There is also the issue of the set-up. Taking the time to really set up the magick correctly can make a big difference. The set-up is implied in many elements of a magickal working, such as having good props (or not), feeling out the situation, learning what you can about the causal system you are trying to influence, refining the degree of specifics and alignment, and then doing the magical act at the right time, in the right setting, and in the right frame of mind; all these will have an influence on the outcome. It also generally involves rising to the highest and most exalted state, such as the highest jhana one is capable of, leaving that state, and then resolving to have the magick occur with full and unbridled intent.

Finally, as the web of causality is so infinitely nuanced, there are innumerable factors that can’t possibly be known (except perhaps by the most highly advanced yogis, so the traditions may tell you), and these will be generically and only somewhat appropriately called “luck”, or “karma”, if you prefer. Regardless of what you call it, this could in many ways be considered the most important of the factors, but in this case luck clearly favors the well-trained and well-prepared, though not always.

We now have enough categories to be able to flush out a large swath of categories of magick and how they relate to the field of disbelief, as well as how people are likely to react to them, and how easy they are to pull off. At one extreme, we have “unnatural immediate public nonconsensual apathetic poorly-aligned poorly-felt-out morally-conflicted implausible hyper-specified asynchronous weakly-concentrated low-or-no-confidence distracted unfamiliar poorly-set-up ill-timed disgruntled unlucky magick in a non-conducive setting that sucks”, and at the other extreme we have “natural delayed private passionate well-aligned well-felt-out morally-pure unconflicted plausible nonspecific synchronous well-timed concentrated confident single-minded joyous benevolent familiar well-set-up lucky magick in a conducive setting that rocks”. Were we to put these on a spectrum, we would find that the closer we are to the former, the harder the magick is to pull off, and the closer we are to the latter, the easier it is to pull off. There are exceptions, as an extremely passionate feeling or an unusually concentrated mind might be enough to create powerful effects regardless of other factors.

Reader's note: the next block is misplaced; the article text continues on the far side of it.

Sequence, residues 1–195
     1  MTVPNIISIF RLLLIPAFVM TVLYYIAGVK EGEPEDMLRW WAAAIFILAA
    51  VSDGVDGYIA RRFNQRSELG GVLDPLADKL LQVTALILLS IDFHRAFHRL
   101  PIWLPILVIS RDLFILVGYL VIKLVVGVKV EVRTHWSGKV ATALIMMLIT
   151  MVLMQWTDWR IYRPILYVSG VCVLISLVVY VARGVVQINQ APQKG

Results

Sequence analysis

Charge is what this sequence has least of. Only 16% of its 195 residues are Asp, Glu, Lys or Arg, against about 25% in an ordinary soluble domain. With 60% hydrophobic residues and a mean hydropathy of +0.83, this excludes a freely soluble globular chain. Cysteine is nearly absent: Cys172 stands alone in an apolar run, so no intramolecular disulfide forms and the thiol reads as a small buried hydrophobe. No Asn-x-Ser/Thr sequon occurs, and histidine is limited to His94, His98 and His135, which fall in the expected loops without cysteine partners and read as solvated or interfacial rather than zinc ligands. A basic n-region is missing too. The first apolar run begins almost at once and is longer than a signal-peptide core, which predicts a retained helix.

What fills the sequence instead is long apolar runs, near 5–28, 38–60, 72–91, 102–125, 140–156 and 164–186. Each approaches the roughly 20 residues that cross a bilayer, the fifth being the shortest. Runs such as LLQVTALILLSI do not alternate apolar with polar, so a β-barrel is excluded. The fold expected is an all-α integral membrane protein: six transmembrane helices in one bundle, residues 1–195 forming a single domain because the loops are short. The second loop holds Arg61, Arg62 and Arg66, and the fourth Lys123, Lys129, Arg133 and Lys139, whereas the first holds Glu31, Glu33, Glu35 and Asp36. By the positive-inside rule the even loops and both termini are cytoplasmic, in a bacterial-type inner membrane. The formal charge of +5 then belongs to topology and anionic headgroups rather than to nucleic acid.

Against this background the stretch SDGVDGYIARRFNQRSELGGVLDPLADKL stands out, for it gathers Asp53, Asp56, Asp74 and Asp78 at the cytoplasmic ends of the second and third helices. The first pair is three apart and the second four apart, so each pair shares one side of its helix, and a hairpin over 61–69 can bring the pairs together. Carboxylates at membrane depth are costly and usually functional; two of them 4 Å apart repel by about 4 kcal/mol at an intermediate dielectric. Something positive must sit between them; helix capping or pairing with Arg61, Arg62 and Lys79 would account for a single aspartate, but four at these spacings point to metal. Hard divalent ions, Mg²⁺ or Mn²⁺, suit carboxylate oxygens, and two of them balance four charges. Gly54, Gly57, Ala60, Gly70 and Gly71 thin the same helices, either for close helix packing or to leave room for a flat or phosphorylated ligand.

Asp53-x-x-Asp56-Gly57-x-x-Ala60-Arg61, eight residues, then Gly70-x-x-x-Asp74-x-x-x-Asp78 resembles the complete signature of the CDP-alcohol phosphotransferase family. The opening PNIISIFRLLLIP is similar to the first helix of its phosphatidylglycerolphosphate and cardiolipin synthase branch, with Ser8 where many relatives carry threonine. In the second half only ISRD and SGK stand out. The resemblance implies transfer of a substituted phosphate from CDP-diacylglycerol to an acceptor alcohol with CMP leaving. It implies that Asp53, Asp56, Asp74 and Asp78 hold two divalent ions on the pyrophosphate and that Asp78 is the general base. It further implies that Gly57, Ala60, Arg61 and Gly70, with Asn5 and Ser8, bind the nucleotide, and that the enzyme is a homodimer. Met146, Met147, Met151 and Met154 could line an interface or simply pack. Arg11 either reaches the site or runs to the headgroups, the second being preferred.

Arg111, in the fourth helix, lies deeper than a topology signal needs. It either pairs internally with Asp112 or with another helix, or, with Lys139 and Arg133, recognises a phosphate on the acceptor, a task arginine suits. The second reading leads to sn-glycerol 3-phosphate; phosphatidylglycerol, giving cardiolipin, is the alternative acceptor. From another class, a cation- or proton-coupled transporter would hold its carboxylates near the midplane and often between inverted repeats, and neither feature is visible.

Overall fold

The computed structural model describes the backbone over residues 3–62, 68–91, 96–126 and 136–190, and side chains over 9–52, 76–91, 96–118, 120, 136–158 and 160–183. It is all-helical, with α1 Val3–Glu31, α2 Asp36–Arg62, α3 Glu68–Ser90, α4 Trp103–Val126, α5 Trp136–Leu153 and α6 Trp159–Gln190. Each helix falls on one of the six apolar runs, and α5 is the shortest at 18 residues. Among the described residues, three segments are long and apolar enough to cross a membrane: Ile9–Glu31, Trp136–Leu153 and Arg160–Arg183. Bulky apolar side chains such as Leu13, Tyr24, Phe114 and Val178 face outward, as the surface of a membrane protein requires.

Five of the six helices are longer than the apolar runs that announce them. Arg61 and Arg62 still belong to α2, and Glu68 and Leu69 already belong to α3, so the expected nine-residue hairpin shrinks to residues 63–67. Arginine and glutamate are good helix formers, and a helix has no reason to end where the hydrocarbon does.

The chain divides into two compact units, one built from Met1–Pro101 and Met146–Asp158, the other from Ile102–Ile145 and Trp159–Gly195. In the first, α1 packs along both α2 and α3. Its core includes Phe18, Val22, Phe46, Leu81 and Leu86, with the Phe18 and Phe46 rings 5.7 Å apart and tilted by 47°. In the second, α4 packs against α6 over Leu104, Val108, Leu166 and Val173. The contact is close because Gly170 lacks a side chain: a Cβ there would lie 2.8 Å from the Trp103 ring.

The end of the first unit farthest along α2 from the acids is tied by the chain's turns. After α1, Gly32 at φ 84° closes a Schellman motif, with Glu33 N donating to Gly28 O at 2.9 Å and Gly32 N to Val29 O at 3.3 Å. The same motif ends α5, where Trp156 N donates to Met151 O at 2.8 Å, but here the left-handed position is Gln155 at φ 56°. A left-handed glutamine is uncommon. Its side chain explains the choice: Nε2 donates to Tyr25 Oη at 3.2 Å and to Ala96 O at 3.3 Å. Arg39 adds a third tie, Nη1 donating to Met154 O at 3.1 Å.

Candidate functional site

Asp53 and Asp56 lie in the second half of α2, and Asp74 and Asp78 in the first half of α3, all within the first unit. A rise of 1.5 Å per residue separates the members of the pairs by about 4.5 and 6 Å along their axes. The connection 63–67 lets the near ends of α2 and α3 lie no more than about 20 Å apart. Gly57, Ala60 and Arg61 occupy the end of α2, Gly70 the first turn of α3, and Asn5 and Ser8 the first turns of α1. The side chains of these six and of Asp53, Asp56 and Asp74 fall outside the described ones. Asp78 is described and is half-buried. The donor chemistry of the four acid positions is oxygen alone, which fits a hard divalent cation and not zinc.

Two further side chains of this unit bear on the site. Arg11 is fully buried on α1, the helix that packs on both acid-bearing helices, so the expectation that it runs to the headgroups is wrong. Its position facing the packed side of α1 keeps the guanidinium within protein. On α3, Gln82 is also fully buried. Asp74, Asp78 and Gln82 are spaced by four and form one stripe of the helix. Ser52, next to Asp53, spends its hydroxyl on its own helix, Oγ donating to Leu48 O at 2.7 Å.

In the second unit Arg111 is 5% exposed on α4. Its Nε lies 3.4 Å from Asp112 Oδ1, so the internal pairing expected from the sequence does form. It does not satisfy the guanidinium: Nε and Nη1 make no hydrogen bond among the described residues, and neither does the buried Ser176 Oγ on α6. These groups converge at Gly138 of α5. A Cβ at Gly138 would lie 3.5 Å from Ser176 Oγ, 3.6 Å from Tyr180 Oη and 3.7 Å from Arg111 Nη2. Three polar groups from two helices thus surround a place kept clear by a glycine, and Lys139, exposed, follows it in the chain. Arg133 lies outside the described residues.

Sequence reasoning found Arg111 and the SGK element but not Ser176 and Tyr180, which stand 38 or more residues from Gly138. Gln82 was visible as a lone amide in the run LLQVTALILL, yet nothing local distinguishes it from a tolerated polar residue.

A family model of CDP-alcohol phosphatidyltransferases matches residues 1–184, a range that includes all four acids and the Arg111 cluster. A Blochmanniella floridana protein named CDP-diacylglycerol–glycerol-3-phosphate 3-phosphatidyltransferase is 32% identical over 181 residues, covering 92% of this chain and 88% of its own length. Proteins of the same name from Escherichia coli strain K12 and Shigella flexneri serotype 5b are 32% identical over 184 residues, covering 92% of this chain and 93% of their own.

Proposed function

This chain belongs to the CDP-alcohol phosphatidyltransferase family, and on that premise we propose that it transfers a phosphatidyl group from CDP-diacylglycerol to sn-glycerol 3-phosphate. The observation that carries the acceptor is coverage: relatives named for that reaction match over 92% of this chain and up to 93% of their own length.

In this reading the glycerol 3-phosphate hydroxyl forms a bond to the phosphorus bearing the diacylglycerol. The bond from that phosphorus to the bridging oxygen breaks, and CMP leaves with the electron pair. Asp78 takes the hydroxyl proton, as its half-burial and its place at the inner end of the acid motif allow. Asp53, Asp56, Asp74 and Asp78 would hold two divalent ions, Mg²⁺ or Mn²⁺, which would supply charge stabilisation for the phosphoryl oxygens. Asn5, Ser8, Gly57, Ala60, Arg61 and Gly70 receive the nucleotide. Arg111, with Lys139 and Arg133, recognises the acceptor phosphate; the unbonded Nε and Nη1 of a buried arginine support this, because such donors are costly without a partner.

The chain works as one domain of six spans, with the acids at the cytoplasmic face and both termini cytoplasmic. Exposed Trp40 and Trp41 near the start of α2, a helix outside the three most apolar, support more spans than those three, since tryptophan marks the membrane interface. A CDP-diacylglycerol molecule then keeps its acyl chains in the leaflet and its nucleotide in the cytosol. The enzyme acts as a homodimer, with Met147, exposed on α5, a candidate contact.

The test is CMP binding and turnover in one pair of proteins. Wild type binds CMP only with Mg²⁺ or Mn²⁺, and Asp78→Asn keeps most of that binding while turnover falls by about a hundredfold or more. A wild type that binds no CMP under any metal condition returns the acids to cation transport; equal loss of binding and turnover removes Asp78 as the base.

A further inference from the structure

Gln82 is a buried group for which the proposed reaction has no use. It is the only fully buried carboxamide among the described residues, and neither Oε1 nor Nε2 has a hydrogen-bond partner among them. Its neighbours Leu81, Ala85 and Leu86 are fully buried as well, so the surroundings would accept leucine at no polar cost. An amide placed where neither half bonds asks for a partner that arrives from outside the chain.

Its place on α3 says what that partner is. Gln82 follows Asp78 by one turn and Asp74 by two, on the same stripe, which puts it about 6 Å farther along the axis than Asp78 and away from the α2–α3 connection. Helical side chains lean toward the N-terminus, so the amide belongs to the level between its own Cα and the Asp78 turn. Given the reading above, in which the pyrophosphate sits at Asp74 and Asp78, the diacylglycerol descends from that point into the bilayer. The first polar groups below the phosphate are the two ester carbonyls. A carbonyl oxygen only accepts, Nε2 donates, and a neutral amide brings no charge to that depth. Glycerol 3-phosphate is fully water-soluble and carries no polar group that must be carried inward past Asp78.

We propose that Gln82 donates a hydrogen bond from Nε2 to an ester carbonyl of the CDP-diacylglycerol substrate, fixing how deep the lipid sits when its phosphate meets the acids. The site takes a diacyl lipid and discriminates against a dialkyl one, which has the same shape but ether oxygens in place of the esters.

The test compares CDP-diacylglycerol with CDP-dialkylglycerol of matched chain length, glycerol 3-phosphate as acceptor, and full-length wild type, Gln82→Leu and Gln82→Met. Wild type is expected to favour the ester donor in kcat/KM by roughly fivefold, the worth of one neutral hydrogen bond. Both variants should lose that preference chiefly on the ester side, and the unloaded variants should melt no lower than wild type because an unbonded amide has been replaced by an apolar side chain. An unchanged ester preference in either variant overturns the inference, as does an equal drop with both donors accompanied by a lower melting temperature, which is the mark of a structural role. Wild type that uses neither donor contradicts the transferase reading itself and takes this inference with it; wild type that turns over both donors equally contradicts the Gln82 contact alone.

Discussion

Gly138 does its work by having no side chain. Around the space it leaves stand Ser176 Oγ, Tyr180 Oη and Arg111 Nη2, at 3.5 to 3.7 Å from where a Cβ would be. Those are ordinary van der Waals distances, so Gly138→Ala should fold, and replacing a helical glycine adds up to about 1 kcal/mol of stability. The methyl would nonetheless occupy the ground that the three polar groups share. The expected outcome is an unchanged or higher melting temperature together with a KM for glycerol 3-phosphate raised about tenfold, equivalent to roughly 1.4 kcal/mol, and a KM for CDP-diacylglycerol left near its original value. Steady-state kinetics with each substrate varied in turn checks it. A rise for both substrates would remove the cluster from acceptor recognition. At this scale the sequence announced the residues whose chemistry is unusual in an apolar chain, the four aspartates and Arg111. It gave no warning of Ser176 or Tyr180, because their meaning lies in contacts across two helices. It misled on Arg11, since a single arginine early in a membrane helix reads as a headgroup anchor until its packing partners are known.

That list of closely related conditions also clearly hints at how various factors might influence each other. For instance, morally conflicted magick is also likely unconfident magick, as is unfamiliar magick. Unconfident magick is likely to be distracted magick. Poorly aligned magick is likely to be apathetic magick, which itself is likely to be poorly concentrated magick. This leads to the next point, and finally brings things back into a more Buddhist context. Training the mind to have positive mental factors, ethical motivations, and less specific and more universal forms of well-wishing and compassion is an extremely good plan from a magickal point of view, both for ordinary magick and extraordinary magick, meaning the sum of intentions and their effects.

68. Magick and the Brahma Viharas   |  The Brahma Viharas